Leggo su AllAfrica.com che Thabo Thakalekoala, giornalista freelance che lavorava per la stazione, rischia la pena di morte per aver letto ai microfoni di Harvest un messaggio sedizioso. Sembra che durante il suo programma qualcuno abbia fatto passare sotto la porta dello studio un foglio di carta. Contemporaneamente, Thabo riceve una telefonata: leggi in onda quel che c'è scritto o ti facciamo fuori. Il testo veniva dai militari dell'aviazione (aviazione in Lesotho?), che protestavano per il livello di corruzione del governo. Terminata la lettura Thabo esce dallo studio e appena messo piede in strada viene arrestato. Il World Press Freedom Committee ha dichiarato di voler finanziare la sua difesa.
[...] Upon the recommendation of the International Press Institute (IPI), the World Press Freedom Committee ( http://www.wpfc.org ) - an organization representing 45 press freedom groups from throughout the world - made a Fund Against Censorship grant to fund the legal defense of Thabo Thakalekoala, a Lesotho journalist who is unjustly in prison facing the death penalty.
Thakalekoala, a 45-year-old freelance print and radio journalist who has investigated several cases of corruption within the Lesotho government, was arrested on June 17, 2007 following a live broadcast of his morning radio show on Harvest FM Radio. The arrest was based on a letter he was forced to read out live on air, and he has since been charged with multiple criminal offences relating to the content of the letter, of which one of them, high treason, carries the death penalty.
While Thakalekoala was broadcasting his "Rise and Shine" morning show, a letter was pushed under his office door. Via a telephone call to the studio, Thakalekoala was told to read the contents of the letter live on air, or risk being immediately killed. Despite Thakalekoala's requests to speak with the author of the letter, all that the caller would disclose was that he represented members of the Army and Air Force of Lesotho who were disgruntled with corruption within the government, demanding the resignation of the country's prime minister and several members of his cabinet.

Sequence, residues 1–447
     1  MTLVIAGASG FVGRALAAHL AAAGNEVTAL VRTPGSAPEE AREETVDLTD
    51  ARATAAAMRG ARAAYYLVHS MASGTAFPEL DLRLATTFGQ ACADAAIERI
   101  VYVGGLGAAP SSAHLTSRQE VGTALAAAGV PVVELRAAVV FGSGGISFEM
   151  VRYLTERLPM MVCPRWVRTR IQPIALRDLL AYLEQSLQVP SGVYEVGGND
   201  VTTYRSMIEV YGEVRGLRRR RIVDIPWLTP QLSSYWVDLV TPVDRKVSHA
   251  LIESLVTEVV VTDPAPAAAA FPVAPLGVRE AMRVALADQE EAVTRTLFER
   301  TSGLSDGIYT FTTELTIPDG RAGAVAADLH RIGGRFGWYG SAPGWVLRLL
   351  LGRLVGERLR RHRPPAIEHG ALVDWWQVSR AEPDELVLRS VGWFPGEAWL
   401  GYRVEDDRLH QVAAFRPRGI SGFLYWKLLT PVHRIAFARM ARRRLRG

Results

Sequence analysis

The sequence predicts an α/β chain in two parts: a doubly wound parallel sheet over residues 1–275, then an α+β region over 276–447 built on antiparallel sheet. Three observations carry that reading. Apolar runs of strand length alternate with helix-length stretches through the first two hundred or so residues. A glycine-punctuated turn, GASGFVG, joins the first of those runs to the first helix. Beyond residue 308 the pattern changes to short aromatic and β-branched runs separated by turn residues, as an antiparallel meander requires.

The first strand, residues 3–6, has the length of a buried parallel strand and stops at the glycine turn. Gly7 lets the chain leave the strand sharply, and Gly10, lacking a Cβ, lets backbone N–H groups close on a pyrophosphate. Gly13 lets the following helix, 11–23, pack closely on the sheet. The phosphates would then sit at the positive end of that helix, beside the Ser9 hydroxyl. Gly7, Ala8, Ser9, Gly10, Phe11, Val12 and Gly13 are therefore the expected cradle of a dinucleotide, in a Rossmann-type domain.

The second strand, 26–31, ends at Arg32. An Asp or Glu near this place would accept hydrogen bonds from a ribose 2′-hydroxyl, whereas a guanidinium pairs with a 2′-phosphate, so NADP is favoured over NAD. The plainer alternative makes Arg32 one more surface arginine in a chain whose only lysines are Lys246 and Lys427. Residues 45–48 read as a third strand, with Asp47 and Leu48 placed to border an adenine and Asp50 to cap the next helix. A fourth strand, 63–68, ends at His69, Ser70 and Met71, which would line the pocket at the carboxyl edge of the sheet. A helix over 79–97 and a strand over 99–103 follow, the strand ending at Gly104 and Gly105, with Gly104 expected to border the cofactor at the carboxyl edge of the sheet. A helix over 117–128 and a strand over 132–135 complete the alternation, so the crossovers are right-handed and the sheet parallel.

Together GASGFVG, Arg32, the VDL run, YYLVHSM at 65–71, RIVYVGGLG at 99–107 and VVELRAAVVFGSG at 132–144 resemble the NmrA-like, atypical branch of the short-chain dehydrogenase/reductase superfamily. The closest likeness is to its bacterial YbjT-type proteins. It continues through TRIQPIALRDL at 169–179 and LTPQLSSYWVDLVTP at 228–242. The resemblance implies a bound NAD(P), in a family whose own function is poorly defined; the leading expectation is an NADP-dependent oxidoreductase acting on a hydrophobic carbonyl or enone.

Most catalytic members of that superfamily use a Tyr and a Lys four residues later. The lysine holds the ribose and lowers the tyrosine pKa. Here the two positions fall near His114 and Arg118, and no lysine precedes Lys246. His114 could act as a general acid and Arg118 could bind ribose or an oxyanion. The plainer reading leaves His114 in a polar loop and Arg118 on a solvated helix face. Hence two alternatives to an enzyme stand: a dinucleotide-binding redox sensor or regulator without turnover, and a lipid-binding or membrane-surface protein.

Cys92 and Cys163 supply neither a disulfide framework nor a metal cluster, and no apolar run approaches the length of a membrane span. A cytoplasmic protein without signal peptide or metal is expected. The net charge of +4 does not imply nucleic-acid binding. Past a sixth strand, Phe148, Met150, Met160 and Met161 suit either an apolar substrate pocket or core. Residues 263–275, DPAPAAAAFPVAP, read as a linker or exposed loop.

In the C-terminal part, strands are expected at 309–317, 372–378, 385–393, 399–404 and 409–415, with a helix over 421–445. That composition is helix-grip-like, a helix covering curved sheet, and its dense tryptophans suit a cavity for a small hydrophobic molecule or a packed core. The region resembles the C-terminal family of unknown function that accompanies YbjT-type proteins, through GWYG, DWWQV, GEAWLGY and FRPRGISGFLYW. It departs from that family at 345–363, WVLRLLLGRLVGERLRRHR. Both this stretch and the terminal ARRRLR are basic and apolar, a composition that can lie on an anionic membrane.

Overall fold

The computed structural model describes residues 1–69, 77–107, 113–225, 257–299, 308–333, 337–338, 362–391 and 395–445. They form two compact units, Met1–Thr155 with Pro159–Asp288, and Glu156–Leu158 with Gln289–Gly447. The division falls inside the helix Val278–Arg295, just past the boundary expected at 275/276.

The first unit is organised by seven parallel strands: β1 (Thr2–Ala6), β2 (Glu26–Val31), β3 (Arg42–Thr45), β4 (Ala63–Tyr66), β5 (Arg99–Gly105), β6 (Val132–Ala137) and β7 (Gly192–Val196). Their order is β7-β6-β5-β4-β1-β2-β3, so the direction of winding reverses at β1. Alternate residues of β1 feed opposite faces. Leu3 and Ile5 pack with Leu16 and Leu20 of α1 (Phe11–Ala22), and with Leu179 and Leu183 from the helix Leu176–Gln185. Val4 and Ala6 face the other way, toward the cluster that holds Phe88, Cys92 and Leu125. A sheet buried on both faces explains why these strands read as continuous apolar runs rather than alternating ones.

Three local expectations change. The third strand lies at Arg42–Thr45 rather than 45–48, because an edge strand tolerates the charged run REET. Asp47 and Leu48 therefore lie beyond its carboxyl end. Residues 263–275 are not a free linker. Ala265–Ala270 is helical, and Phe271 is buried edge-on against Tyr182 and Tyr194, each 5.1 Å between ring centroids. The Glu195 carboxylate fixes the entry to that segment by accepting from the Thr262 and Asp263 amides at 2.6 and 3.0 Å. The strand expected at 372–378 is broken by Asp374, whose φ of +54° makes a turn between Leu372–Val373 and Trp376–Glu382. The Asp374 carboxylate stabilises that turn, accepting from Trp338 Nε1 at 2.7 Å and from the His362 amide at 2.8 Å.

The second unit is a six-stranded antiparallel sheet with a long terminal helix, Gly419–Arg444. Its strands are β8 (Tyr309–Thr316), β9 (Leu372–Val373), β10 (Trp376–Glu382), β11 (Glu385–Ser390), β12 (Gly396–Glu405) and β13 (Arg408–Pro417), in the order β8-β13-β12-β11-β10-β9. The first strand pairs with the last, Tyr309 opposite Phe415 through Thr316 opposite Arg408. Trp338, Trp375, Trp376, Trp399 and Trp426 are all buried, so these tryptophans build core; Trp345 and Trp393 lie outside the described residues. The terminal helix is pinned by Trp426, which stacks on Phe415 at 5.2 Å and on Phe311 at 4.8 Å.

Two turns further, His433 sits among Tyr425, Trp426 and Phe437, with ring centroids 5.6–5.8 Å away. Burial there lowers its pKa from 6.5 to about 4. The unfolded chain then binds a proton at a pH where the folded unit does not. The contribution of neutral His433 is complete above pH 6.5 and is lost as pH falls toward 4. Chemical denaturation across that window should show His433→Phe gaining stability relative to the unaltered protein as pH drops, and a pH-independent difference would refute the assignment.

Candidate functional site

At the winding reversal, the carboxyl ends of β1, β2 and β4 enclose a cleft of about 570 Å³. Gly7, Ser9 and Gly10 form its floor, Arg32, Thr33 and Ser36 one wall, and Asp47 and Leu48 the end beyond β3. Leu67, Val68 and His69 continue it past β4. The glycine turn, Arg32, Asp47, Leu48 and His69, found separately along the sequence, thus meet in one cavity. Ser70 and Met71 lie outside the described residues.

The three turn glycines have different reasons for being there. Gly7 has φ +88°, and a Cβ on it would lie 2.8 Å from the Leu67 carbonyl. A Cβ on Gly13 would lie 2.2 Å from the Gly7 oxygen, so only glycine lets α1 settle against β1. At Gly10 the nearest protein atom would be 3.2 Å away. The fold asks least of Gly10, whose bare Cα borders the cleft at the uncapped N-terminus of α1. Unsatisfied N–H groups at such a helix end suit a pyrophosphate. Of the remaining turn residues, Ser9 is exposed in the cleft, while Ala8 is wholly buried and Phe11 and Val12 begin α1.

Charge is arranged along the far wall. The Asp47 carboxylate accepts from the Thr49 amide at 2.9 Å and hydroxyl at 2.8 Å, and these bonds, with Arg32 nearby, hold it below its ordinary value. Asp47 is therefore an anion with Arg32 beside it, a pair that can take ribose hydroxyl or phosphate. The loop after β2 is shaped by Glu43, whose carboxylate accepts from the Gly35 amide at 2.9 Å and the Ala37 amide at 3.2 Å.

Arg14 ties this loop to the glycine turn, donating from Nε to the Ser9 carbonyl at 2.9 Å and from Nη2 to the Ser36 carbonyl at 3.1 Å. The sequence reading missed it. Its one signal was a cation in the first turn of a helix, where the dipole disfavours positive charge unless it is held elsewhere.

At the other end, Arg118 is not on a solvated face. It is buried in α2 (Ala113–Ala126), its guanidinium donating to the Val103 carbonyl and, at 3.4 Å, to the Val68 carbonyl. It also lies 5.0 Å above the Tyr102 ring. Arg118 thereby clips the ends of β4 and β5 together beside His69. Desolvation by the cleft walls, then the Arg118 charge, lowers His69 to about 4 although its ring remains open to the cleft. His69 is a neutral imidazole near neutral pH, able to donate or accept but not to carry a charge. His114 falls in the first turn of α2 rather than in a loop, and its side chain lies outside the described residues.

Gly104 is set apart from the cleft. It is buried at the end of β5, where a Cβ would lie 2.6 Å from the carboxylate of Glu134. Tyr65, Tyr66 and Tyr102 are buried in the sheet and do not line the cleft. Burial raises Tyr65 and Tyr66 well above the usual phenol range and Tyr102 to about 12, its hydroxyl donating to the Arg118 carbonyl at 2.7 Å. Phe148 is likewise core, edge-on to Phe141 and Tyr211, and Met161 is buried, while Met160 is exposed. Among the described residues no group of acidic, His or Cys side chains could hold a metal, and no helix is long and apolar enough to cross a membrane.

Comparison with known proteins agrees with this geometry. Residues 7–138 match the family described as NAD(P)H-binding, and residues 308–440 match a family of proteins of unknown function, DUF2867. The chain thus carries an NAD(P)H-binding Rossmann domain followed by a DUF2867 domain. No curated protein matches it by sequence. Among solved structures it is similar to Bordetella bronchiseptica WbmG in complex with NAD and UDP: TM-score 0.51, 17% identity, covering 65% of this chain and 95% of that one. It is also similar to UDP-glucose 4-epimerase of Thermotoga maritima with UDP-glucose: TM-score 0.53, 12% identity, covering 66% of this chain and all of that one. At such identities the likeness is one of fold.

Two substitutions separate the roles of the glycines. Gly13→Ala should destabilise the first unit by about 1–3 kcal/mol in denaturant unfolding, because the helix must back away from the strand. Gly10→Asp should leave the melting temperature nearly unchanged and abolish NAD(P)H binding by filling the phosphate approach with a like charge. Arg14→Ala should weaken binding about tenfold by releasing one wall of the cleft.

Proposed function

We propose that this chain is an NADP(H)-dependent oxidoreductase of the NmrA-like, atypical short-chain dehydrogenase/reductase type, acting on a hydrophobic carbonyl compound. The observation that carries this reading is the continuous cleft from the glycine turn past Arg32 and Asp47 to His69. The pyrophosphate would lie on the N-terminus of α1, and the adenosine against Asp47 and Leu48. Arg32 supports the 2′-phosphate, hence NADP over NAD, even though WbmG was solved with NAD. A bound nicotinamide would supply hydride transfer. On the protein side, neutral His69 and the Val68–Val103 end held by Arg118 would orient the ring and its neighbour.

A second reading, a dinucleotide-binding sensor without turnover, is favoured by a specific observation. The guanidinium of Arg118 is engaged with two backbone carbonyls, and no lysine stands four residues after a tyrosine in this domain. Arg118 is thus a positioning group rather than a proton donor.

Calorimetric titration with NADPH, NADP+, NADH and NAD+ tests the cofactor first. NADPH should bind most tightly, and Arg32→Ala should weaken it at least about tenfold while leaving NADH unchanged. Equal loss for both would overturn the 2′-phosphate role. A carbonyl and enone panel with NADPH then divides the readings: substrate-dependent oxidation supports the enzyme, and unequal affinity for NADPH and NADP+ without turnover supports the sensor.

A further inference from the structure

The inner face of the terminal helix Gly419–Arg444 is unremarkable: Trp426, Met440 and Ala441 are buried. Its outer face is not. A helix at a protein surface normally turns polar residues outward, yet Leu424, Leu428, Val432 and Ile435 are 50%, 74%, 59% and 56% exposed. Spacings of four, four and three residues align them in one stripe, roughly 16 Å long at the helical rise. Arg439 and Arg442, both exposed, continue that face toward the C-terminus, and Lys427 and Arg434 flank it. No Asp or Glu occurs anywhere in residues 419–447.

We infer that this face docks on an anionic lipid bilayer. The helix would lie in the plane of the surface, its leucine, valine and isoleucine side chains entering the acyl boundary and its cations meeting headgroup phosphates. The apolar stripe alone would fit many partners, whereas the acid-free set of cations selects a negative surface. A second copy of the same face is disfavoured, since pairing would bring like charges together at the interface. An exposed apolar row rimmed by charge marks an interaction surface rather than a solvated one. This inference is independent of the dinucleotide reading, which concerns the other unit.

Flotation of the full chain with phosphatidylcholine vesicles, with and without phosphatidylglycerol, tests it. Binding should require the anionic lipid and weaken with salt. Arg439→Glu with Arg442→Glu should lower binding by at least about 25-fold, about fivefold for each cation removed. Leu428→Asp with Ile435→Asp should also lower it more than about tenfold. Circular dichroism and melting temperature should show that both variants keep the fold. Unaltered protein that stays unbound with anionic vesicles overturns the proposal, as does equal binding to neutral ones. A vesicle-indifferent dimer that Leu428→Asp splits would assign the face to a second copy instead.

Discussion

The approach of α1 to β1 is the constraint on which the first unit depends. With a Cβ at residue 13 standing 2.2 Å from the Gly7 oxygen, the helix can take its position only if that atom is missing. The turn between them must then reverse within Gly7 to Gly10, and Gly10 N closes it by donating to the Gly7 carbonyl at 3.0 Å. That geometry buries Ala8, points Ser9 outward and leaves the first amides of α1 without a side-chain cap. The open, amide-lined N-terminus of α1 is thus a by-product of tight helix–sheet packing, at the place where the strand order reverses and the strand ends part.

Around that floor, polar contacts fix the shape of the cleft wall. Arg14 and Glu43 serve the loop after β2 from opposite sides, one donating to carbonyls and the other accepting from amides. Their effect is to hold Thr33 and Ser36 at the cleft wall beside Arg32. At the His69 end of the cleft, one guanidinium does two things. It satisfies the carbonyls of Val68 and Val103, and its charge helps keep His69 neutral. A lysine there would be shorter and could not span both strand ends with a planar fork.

Under these circumstances, and after letting his audience know what was taking place, Thakalekoala read the letter to his listeners only to find himself under arrest shortly after his show was over. He was taken into custody, harshly interrogated for more than eight hours, charged with subversion and finally released on bail. But months later, he learned he had been charged with several other crimes, including high treason, sedition and criminal defamation.
"Obviously, when threatened with imminent death, this Lesotho radio broadcaster had no choice but to comply with the demand that he read the letter on the air," said Mark Bench, Executive Director of World Press Freedom Committee. "It seems incredible to us that the security forces of the government would even arrest or jail the threatened broadcaster, but that they would sanction his being sentenced to death is intolerable. We call upon the officials of the Kingdom of Lesotho to immediately rescind the sentence and dismiss all charges." [...]